Mechanics wise, Rayman is solid. The animations are smooth and the camera is extremely responsive. There's a steady framerate and next to no clipping. Graphics are definitely the strong point of Rayman 2 and the rest of the game follows through on some of the best visual work for the N64 yet.

BTW, when you press the 'L' button check out the funky Hendrix like smoke in the background! Trippy.


While not as incredibly overwhelming as the graphical presentation, the audio of Rayman 2 does a good job of complimenting the graphics and gameplay with a minimalist-style sound track and some great sound effects. I personally thought that the garbled BK-esque voices were top notch. When the game started and I heard that first line of gibberish I was dying of laughter. HA! It's like the Banjo Kazooie talk but with a French twist. The other neat things are the voices of the other characters. While there isn't a farting toilet like in Banjo there is a little whispery fellow that helps you through your journey. Each character has his or her own unique audio gibberish and it's very cool to listen too.

It's apparent that the thrust of the game's development went into the visuals. That's not to say that the gameplay and audio aren't competent. It's just that the visuals are so incredible I have to mention them in the audio section of this review damnit!


Okay, so this game doesn't play as long as the War and Peace of platformers-Donkey Kazoie, or is that Banjo part 2? Sorry I meant to say Donkey Schlong. Darnit, got it wrong again. You know what I mean. But in the end, even Mario wasn't as long as Donkey Kong or Zelda. Mario did seem to strike the right balance in terms of length. In my humble dumb assed opinion I think that some games may be a little too long. I mean, where do the lines between incredible depth and never ending frustration or boredom meet?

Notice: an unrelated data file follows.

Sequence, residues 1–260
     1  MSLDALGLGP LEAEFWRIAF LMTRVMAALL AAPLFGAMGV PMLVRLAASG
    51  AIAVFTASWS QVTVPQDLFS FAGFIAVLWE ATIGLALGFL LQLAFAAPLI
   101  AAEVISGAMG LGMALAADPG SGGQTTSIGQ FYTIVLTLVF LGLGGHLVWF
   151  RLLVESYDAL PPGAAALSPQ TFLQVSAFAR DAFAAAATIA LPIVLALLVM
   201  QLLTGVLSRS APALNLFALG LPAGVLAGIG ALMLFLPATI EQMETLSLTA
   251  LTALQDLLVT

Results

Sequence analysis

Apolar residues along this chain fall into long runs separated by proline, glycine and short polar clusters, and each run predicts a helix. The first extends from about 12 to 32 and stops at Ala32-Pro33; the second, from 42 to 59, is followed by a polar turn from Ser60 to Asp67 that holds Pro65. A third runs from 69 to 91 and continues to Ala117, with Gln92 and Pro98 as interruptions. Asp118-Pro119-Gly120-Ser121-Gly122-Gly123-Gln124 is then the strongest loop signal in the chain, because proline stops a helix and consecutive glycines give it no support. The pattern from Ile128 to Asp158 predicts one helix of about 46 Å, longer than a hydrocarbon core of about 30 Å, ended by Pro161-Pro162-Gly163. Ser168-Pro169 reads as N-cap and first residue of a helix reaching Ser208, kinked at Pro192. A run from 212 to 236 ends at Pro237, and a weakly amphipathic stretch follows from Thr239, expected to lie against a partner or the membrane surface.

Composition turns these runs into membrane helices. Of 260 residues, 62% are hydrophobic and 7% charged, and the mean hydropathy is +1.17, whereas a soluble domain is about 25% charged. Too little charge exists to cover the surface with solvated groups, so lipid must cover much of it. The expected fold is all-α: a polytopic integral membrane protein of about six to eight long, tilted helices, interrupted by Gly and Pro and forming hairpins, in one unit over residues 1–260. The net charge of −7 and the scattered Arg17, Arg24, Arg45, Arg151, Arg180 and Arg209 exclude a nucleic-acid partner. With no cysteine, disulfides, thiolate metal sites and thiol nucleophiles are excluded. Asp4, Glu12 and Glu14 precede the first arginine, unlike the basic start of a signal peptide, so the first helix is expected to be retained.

I think the real issue with Rayman 2 is that there is a degree of exploration (you search for energy beings) but not the level of exploration that dominates titles like Super Mario 64, or Banjo. And while you may not be riding on a rail during the game, it is a forced path platformer in that you really only have one option if you wish to progress. Since a majority of that exploration time is not that reticent in Rayman 2 you'll get the feeling that it's a little short. In reality, the game is effective in its forced path methodology. What I mean is that it keeps the action moving and the pace brisk. While this may not to appeal to the gamers who like to spend hours exploring it is a great bonus to the action of the game. BUT, this game is so incredible it's almost like a teasing to be let down so quick. Maybe a few more levels would have served Rayman 2 well.